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Despite the growing use of commercial software, application developers continue to make up a larger percentage of the typical IT staff.
There are several trends working to increase the demand for this critical IT skill set. First, the footprint of business applications is becoming wider. Organizations are automating ever more business processes, connecting with customers and suppliers, and analyzing increasing volumes of business data. Mobile devices add another dimension and an increased set of requirements. All of these drive the need for new business systems and application developers.
At the same time, the trend toward commercial software and SaaS applications does not mean the death of application developers. Application developers are still needed to tailor, configure, and build extensions. At the same time, platform-as-a-service allows developers to rapidly build extensions to SaaS applications and even entirely new systems. Although the improved customizability of SaaS, as well as the increased use of cloud services, might one day reduce the overall demand for application developers, it appears that organizations today are using the productivity gains as an opportunity to give their application developers more work.
As shown in Figure 1 from the full report, Application Developer Staffing Ratios, over the past two years (before 2016, we did not divide application maintenance and application developer staff into two separate job positions) there is a small but noticeable increase in the application developer staffing level. Application developer personnel rose from a median 13.8% of the IT staff in 2016 to 14.5% in 2017, based on our annual survey of more than 200 IT organizations.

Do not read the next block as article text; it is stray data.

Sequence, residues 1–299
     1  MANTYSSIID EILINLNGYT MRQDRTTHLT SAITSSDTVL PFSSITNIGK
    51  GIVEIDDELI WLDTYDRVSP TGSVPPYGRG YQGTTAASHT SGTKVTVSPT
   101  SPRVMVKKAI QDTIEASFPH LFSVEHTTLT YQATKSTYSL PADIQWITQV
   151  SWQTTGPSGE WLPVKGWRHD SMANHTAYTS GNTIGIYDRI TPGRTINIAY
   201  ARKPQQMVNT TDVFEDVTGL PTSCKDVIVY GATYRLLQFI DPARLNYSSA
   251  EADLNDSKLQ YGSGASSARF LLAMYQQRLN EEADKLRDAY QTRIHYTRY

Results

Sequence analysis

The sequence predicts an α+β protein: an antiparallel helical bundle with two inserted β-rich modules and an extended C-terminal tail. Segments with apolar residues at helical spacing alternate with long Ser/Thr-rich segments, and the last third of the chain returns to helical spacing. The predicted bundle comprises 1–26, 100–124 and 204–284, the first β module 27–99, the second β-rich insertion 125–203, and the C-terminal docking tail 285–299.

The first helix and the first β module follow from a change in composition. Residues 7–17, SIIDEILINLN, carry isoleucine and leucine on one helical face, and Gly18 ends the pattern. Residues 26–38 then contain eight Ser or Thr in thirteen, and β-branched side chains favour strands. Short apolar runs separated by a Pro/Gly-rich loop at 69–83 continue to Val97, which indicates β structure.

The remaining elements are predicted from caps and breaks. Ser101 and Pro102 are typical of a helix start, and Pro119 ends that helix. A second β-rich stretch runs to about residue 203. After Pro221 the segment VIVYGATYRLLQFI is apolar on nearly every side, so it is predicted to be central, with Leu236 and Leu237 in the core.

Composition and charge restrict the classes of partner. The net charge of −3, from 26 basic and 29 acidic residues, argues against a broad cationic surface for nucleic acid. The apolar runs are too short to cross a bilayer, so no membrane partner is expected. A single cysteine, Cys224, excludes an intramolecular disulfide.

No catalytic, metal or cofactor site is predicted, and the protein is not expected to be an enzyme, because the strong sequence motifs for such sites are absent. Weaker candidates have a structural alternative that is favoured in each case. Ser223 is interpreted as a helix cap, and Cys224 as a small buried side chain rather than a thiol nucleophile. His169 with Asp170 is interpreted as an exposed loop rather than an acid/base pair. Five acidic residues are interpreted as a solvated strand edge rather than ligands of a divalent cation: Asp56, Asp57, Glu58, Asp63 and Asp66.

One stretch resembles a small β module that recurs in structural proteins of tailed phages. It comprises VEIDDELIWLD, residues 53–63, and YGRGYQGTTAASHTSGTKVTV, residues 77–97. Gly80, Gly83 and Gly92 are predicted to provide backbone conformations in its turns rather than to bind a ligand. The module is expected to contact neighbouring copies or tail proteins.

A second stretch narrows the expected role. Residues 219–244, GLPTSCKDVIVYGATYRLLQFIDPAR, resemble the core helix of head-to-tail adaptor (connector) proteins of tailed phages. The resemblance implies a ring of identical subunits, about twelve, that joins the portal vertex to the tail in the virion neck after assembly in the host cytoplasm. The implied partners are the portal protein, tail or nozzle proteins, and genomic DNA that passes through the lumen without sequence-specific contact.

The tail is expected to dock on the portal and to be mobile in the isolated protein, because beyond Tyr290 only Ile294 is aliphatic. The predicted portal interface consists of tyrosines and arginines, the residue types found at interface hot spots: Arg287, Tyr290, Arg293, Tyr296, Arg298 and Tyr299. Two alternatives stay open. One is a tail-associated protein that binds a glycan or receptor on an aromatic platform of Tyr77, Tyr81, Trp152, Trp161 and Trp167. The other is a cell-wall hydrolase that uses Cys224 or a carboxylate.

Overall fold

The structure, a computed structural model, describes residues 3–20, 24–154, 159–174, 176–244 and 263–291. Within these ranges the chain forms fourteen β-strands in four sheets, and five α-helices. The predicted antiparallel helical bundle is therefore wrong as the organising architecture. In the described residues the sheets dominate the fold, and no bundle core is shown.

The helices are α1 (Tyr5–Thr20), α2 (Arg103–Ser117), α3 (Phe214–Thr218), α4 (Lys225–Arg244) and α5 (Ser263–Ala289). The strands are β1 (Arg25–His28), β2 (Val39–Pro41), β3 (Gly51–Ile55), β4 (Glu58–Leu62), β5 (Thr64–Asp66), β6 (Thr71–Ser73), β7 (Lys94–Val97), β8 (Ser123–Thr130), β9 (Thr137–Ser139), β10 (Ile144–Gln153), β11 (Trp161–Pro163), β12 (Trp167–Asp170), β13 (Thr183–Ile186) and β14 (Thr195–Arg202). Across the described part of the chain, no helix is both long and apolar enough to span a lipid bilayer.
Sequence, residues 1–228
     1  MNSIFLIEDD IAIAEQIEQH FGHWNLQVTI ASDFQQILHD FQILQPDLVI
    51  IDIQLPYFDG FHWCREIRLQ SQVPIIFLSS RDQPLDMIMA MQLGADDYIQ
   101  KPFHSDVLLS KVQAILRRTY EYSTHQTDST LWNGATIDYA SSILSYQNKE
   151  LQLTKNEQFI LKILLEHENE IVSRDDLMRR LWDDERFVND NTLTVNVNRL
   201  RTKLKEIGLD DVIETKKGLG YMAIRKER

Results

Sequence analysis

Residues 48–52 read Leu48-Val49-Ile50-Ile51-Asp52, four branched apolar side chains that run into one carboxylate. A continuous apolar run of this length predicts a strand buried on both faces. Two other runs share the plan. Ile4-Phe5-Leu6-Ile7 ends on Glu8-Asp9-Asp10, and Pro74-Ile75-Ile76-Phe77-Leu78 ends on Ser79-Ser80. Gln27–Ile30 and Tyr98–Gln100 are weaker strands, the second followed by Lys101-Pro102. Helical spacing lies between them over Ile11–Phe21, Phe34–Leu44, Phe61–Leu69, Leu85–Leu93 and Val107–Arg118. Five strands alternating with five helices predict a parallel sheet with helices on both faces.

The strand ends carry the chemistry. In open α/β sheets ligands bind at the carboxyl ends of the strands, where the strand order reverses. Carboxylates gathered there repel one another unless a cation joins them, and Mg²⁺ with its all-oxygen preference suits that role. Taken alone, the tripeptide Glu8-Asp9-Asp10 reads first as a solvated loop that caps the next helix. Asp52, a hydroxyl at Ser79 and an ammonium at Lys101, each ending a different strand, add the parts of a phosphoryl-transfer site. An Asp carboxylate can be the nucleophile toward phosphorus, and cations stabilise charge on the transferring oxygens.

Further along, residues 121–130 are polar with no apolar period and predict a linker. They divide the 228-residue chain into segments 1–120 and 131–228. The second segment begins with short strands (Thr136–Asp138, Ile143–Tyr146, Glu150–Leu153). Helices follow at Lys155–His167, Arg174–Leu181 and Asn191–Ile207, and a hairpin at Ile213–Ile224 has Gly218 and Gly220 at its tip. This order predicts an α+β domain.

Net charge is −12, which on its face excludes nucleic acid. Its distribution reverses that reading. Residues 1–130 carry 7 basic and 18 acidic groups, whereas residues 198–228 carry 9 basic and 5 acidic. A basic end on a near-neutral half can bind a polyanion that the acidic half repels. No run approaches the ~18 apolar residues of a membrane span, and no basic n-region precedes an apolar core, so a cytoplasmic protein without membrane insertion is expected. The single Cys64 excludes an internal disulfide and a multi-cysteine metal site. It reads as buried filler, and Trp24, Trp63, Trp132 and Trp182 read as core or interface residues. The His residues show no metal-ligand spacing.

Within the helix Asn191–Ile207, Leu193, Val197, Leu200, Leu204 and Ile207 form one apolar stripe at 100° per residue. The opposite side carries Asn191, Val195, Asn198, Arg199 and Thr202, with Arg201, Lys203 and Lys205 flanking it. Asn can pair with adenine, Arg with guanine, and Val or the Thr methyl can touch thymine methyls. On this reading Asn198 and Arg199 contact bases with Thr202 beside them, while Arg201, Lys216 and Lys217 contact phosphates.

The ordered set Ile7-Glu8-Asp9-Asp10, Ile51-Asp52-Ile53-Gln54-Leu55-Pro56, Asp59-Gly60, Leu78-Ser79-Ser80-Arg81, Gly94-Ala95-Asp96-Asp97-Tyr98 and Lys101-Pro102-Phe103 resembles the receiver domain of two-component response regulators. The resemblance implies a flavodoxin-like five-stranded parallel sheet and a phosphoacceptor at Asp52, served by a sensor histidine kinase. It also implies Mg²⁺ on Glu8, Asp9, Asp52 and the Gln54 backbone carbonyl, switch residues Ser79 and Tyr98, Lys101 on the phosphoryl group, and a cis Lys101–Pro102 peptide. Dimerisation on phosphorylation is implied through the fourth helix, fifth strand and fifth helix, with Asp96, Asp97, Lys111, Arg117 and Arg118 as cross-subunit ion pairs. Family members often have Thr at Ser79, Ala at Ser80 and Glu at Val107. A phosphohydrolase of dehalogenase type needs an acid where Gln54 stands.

With the changing environment, the need for application developers is in flux, and given the shortage and high cost of well-trained application developers, IT organizations can benefit from periodic assessment of their application development staffing levels.
“Given the cost of application developer talent, it is important to keep track of trends in staffing in this area,” said David Wagner, vice president research at Computer Economics, an IT research firm based in Irvine, Calif. “If an IT department can find a way to use fewer developers to meet the needs of the business, it is something to consider.”
We use the term “application developer” to denote application programmers, systems analysts, software engineers, solutions architects, and other personnel who engage in the development of applications. It does not include business analysts, database administrators, or application maintenance and support personnel, who have their own category called “application maintenance and support.”
To determine what the typical staffing level is today, the full report uses three metrics to make that assessment: application maintenance personnel as a percentage of the IT staff, users per app maintenance staff member, and applications per app maintenance staff member. We provide benchmarks for the composite sample, by organization size, and by sector. We also provide a benchmark for the larger application group, which includes personnel engaged in application development, web/e-commerce support, quality assurance and testing, data management, and business systems analysis.
This Research Byte is based on our report on this subject, Application Developer Staffing Trends. The full report is available at no charge for Computer Economics clients, or it may be purchased by non-clients directly from our website (click for pricing).
Questions about this research? Contact the Analyst.